You ought to be out raising hell. This is the fighting age. Put on your fighting clothes.
                                                      -Mother Jones

Monday July 27, 1903
Coney Island, New York - Mother Jones: "Hear the wail of the children."

The Bostock Building was filled to capacity yesterday afternoon as the wild animal show roared to a close and Mother Jones with her Industrial Army made an appearance. The stage was set for Mother with the scenery of a Roman Colosseum. Two Roman emperors stood at the front, thumbs down. In front of the emperors were the empty animal cages with their iron bars. Into these cages Mother placed her little textile laborers. The children clung to the bars while Mother spoke. The aristocracy of the employers reminded her of this scene, she told the audience, for they stand above "with their thumbs down to the little ones of the mills and factories." She also criticized the public for "sitting dumbly by."

The speech continued:

After a long and weary march, with more miles to travel, we are on our way to see President Roosevelt at Oyster Bay. We will ask him to recommend the passage of a bill by congress to protect children against the greed of the manufacturer. We want him to hear the wail of the children, who never have a chance to go to school, but work from ten to eleven hours a day in the textile mills of Philadelphia, weaving the carpets that he and you walk on, and the curtains and clothes of the people.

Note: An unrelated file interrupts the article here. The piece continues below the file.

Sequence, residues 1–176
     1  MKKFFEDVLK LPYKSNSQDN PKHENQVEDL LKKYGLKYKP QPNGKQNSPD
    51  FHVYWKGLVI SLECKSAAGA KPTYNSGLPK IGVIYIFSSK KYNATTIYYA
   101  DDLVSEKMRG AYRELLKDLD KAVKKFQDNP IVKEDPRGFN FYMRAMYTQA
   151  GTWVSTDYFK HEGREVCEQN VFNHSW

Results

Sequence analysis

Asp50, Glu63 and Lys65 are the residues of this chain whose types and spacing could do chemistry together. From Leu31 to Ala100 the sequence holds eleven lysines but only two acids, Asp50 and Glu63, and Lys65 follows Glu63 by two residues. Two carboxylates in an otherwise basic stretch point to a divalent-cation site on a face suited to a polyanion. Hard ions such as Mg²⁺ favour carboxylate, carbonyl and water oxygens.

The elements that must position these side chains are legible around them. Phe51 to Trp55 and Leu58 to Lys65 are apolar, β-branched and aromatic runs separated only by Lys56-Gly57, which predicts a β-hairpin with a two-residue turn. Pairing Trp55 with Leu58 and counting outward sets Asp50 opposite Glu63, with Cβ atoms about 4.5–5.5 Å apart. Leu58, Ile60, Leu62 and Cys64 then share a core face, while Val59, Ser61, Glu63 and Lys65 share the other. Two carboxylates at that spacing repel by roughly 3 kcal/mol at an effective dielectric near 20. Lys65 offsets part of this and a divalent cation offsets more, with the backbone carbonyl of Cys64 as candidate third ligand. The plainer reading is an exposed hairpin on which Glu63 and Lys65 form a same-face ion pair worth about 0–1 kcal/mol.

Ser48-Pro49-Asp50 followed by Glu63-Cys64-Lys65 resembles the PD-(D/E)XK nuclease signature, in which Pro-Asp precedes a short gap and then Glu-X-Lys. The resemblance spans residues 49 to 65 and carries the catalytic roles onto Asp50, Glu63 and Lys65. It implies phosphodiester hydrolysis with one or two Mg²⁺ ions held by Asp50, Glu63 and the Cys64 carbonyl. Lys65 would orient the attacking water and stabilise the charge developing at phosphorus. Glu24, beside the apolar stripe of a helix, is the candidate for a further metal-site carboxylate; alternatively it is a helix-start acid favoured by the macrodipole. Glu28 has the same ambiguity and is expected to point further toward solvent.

Fifty years ago there was a cry against slavery and the men of the North gave up their lives to stop the selling of black children on the block. To-day the white child is sold for $2 a week, and even by his parents to the manufacturers.

Fifty years ago the black babies were sold C. O. D. To-day the white baby is sold to the manufacturer on the installment plan. He might die at his tasks and the manufacturer with the automobile and the yacht and the daughter who talks French to a poodle dog, as you can see any day at Twenty-third Street and Broadway when they roll by, could not afford to pay $2 a week for the child that might die, except on the present installment plan. What the President can do is to recommend a measure and send a message to Congress which will break the chains of the white children slaves.

He endorsed a bill for the expenditure of $45,000 to fill the stomach of a Prince who went gallivanting about the country. We will ask in the name of the aching hearts of these little ones that they be emancipated. I will tell the President that I saw men in Madison Square last night sleeping on the benches, and that the country can have no greatness while one unfortunate lies out at night without a bed to sleep on. I will tell him that the prosperity he boasts of is the prosperity of the rich wrung from the poor.

Mother then inturrupted her speech to rebuke a well-dressed young man who was smiling as she spoke. Mother later describe that scene:
I saw a stylishly dressed young man down in the front of the audience. Several times he grinned. I stopped speaking and pointing to him I said, "Stop your smiling, young man! Leave this place! Go home and beg the mother who bore you in pain, as the mothers of these little children bore them, go home and beg her to give you brains and a heart."

He rose and slunk out, followed by the eyes of the children in the cage.The people sat stone still and out in the rear a lion roared

Indeed, lions were heard roaring as Mother continued her speech:
In Georgia where children work day and night in the cotton mills, they have just passed a bill to protect song birds. What about the little children from whom all song is gone?

The trouble is that the fellers in Washington don't care. I saw them last winter pass three railroad bills in one hour, but when labor cries for aid for the little ones they turn their backs and will not listen to her. I asked a man in prison once how he happened to get there. He had stolen a pair of shoes. I told him that if he had stolen a railroad he could be a United States Senator. One hour of justice is worth an age of praying.